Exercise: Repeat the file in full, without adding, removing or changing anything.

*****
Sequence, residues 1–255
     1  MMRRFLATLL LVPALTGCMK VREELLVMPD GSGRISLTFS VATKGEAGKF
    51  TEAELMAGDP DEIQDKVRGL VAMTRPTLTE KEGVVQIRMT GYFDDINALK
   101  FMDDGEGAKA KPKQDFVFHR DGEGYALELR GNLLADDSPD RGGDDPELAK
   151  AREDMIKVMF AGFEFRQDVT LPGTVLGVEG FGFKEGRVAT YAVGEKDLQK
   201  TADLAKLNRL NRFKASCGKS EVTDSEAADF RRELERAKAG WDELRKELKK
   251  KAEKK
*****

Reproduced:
Sequence, residues 1–255
     1  MMRRFLATLL LVPALTGCMK VREELLVMPD GSGRISLTFS VATKGEAGKF
    51  TEAELMAGDP DEIQDKVRGL VAMTRPTLTE KEGVVQIRMT GYFDDINALK
   101  FMDDGEGAKA KPKQDFVFHR DGEGYALELR GNLLADDSPD RGGDDPELAK
   151  AREDMIKVMF AGFEFRQDVT LPGTVLGVEG FGFKEGRVAT YAVGEKDLQK
   201  TADLAKLNRL NRFKASCGKS EVTDSEAADF RRELERAKAG WDELRKELKK
   251  KAEKK